The Charleston, South Carolina area is a great place to live or have a vacation home.  The weather is great, the beaches are fantastic, golf courses are abundant, there are many historical sites, the architecture is unbelievable, the dining is unbeatable, and the people are the friendliest in the country.  It is because of these reasons that I believe Charleston SC Real Estate is truly unique.  I look forward to helping you with any of your Charleston SC Real Estate needs in Charleston, Berkeley, or Dorchester counties. Today’s article is titled:

South Carolina is the 8th Best State for Retiree Taxes Benefits

According to a recent article in Forbes magazine South Carolina is the eighth (8th) best state for retiree’s tax benefits.  States are wooing retirees with tax breaks. On average, retirees pay only half the state income tax levied on working-age people, according to researchers at the University of New Hampshire and Georgia State.

Seven states — Alaska, Florida, Nevada, South Dakota, Texas, Washington, and Wyoming — don't tax personal income at all. New Hampshire and Tennessee tax interest and dividends but not other income. Still, these states may not offer the best total deal for seniors because other states have crafted special programs that reduce taxes and fees across the board.

Considering everything, here are the states that tax experts say offer the best deals for residents older than 65:

1. Georgia
2. Pennsylvania
3. Mississippi
4. Illinois
5. Michigan
6. Kentucky
7. New York
8. South Carolina
9. Delaware
10. Louisiana

As always, your thoughts, questions, or comments are greatly appreciated.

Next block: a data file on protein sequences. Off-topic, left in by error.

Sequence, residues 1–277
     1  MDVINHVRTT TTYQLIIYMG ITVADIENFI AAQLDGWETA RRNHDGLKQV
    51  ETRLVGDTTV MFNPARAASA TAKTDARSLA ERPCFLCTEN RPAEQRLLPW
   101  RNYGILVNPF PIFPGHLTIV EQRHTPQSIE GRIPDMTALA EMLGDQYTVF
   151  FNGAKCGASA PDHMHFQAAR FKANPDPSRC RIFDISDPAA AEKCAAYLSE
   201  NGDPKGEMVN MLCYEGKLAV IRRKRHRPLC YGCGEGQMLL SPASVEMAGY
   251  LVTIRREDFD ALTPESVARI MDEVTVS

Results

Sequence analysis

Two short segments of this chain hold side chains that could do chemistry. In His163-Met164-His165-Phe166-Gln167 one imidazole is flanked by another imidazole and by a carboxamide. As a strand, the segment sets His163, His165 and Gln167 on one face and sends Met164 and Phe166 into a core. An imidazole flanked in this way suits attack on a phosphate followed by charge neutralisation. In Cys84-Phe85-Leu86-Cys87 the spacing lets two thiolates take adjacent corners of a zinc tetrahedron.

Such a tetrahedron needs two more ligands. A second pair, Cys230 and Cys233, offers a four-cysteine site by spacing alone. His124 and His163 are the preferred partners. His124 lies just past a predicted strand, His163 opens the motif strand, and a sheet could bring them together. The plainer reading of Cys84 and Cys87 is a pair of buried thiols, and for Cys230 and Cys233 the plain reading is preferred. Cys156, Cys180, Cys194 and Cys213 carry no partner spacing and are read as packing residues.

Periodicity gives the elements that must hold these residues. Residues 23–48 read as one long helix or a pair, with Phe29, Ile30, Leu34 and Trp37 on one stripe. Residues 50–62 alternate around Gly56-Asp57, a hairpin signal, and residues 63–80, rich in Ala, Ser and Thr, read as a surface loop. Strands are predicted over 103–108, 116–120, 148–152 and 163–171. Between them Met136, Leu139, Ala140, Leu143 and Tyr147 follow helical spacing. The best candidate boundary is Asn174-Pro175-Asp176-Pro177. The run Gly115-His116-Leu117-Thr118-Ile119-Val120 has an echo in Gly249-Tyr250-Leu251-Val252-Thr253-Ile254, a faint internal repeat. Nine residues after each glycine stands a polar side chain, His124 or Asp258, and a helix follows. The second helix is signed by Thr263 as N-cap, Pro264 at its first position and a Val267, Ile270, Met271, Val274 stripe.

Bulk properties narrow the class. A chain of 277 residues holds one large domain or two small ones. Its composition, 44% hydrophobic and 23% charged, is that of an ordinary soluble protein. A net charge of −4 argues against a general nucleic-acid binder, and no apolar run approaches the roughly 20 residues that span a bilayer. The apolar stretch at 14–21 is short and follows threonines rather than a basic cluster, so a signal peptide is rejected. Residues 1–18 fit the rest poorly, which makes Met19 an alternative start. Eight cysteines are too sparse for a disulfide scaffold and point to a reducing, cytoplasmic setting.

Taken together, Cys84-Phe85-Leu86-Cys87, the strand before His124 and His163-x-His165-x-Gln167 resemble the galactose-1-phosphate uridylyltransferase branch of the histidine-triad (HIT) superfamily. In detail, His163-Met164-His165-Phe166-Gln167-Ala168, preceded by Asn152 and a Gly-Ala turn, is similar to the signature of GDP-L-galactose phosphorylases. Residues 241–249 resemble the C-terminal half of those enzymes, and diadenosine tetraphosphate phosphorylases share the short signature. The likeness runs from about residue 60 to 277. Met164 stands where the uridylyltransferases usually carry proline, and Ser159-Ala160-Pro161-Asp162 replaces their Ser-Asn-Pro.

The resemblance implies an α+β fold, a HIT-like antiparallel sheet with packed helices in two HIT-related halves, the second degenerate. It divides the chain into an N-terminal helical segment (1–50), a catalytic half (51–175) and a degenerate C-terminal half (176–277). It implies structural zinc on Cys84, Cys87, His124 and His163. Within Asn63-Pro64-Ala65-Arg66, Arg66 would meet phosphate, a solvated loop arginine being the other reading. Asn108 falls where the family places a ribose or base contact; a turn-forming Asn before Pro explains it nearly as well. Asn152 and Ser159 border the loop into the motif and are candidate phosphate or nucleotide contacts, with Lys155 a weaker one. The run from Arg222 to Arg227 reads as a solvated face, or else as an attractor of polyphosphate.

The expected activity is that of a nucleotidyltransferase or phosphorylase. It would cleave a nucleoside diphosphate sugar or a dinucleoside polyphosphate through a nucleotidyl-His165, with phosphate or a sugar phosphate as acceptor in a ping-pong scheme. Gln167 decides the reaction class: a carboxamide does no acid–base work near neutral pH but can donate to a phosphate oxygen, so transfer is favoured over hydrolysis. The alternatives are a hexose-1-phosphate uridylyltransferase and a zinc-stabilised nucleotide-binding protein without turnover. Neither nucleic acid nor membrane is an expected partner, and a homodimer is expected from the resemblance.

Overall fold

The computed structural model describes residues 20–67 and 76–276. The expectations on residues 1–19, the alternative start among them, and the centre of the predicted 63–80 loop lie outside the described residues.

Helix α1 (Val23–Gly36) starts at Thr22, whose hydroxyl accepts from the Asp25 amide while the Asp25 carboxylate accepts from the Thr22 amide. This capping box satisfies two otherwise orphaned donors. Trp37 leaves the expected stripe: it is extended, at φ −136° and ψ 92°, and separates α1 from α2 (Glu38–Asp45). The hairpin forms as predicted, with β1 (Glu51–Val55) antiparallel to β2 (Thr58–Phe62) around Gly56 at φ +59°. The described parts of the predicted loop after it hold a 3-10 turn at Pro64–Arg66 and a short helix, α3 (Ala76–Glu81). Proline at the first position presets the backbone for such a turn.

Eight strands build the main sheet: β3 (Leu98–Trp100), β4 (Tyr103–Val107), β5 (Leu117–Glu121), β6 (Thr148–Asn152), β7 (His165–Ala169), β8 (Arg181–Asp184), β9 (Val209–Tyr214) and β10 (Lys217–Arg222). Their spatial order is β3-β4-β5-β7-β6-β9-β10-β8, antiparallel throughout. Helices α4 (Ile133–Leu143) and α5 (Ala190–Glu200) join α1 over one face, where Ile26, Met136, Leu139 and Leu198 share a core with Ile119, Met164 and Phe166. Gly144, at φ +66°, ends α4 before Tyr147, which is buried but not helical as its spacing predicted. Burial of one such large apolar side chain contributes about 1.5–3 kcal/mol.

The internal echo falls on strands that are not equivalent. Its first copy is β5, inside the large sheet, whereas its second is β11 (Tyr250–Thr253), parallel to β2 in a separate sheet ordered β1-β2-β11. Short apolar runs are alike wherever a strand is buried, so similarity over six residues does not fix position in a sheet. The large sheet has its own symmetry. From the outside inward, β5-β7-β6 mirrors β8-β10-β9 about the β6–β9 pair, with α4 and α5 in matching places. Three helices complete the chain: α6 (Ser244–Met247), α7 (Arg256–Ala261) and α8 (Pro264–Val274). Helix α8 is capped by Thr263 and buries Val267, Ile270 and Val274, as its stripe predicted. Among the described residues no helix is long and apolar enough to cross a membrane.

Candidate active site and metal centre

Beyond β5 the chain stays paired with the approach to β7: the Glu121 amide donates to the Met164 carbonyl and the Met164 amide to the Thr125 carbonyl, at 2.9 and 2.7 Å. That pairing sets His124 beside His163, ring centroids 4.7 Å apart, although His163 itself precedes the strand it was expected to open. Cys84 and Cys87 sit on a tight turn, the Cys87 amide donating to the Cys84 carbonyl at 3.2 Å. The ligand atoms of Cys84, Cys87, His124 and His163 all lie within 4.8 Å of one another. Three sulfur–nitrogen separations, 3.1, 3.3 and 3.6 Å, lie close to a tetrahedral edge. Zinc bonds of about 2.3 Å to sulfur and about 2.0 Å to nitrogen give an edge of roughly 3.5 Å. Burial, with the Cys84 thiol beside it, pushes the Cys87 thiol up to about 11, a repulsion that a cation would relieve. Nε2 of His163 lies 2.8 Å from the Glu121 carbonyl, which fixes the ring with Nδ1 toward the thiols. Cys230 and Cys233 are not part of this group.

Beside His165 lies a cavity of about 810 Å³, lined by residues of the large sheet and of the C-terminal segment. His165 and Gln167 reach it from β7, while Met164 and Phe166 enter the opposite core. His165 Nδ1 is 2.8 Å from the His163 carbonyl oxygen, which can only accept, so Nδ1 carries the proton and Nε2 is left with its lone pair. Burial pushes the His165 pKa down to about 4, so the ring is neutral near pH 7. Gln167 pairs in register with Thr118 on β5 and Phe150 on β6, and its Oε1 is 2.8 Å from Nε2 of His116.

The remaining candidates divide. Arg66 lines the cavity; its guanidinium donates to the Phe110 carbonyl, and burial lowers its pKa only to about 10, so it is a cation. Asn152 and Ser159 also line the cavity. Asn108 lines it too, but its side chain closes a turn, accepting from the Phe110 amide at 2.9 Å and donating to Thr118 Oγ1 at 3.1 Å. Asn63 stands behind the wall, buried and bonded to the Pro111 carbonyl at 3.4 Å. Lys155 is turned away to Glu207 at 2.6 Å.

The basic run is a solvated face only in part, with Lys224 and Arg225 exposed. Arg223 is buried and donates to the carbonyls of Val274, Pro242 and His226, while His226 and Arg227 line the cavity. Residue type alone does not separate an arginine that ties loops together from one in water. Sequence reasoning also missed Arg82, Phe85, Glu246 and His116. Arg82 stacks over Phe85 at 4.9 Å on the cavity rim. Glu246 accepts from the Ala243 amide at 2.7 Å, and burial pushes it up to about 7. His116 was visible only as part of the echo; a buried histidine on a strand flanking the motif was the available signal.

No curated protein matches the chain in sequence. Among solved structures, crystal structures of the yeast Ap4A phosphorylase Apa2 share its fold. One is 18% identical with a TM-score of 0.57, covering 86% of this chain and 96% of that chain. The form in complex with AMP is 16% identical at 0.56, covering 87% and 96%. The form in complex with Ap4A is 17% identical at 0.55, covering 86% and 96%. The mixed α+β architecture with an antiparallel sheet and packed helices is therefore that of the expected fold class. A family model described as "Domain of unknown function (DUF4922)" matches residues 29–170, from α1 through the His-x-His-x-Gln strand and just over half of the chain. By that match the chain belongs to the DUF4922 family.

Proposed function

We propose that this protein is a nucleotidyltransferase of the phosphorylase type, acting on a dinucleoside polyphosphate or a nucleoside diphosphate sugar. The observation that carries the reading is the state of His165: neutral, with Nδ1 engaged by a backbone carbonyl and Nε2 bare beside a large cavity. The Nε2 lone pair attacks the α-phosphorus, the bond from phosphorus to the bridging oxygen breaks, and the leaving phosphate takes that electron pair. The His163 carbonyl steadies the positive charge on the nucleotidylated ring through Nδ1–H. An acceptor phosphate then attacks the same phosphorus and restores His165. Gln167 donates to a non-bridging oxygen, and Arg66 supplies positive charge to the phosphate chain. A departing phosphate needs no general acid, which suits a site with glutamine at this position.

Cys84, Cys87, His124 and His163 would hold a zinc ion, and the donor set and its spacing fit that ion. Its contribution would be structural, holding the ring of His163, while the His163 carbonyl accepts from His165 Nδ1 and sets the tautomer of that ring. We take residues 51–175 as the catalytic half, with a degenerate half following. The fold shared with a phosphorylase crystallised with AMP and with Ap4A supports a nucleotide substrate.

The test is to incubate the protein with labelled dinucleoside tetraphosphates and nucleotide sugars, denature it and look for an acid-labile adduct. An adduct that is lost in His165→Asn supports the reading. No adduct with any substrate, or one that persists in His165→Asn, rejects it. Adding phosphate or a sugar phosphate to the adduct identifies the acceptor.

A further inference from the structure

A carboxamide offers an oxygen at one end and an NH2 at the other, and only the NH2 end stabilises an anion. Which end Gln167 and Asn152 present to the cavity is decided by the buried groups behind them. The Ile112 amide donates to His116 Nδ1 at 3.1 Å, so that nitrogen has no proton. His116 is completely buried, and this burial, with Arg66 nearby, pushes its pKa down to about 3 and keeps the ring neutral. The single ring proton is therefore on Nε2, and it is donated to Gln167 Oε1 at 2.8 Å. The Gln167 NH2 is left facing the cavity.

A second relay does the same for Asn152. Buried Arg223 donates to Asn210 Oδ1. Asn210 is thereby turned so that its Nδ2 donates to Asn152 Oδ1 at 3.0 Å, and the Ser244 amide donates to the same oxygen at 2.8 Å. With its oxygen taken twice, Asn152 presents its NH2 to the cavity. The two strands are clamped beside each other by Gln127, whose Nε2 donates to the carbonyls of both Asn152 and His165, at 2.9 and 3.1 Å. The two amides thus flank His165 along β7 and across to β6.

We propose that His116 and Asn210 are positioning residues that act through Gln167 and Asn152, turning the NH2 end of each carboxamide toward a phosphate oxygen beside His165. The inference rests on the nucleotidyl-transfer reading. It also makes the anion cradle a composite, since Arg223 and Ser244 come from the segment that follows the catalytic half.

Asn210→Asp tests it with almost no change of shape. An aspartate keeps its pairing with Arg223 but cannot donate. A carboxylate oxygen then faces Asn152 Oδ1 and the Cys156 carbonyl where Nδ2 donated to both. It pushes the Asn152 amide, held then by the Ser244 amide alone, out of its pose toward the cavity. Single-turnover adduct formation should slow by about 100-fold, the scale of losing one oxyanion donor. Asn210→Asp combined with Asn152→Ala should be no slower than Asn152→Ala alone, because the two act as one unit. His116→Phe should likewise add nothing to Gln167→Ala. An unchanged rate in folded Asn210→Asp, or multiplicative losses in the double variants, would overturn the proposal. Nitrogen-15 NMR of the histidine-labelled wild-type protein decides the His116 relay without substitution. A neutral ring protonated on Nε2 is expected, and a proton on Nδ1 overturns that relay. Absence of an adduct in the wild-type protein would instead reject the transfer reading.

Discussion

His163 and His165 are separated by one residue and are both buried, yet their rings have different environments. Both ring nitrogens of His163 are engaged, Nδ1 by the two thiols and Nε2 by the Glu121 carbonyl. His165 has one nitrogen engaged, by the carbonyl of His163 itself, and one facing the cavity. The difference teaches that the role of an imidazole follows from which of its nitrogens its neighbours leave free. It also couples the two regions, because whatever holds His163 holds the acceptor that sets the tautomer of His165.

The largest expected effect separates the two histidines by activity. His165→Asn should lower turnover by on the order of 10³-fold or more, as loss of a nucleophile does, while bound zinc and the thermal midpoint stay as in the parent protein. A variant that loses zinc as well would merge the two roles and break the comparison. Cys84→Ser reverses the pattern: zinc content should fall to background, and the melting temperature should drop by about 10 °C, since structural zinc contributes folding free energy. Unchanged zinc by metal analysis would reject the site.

Let me know if I can help with any of your Charleston SC Real Estate needs or questions.

See Charleston SC Real Estate Blog for local attractions and current Charleston events.

Look at Charleston SC Real Estate homes anywhere in the tri-county area.

View my entire inventory of VisualTours of Charleston SC Real Estate homes at http://www.visualtour.com/inventory.asp?U=182210 

Sincerely,

"Carolina Joe" Idleman
http://www.carolinajoe.com
 

2010 Kiawah Island / Seabrook Island Disaster Awareness Day

The Charleston, South Carolina area is a great place to live or have a vacation home.  The weather is great, the beaches are fantastic, golf courses are abundant, there are many historical sites, the architecture is unbelievable, the dining is unbeatable, and the people are the friendliest in the country.  It is because of these reasons that I believe Charleston SC Real Estate is truly unique.  I look forward to helping you with any of your Charleston SC Real Estate needs in Charleston, Berkeley, or Dorchester counties. Today’s article is titled:


2010 Kiawah Island / Seabrook Island Disaster Awareness Day


The Town of Kiawah Island in conjunction with Seabrook Island is hosting the Annual Disaster Preparedness Day Thursday June 10th from 10:00 AM – 3:00 PM at the Sandcastle on Kiawah Island.  You are encouraged to prepare yourselves and your home for the upcoming hurricane season. They will have a host of informative panelist, vendors, demonstrations and speakers onsite to share valuable information. There will also be door prizes and a buffet lunch provided. Come and learn how to better prepare for this hurricane season, earthquakes, floods, and fires. The 2010 Atlantic hurricane is predicted to be "above-average" in activity and produce 11 to 16 tropical storms, including six to eight hurricanes. Please plan to attend this year’s event and learn how to better prepare your family in the event of a hurricane or natural disaster.

As always, your thoughts, questions, or comments are greatly appreciated.

Let me know if I can help with any of your Charleston SC real estate needs or questions.

See Charleston SC Attractions for neat things to do.

Look at Charleston SC Real Estate homes anywhere in the tri-county area.

View my entire inventory of VisualTours of Charleston SC Real Estate homes at http://www.visualtour.com/inventory.asp?U=182210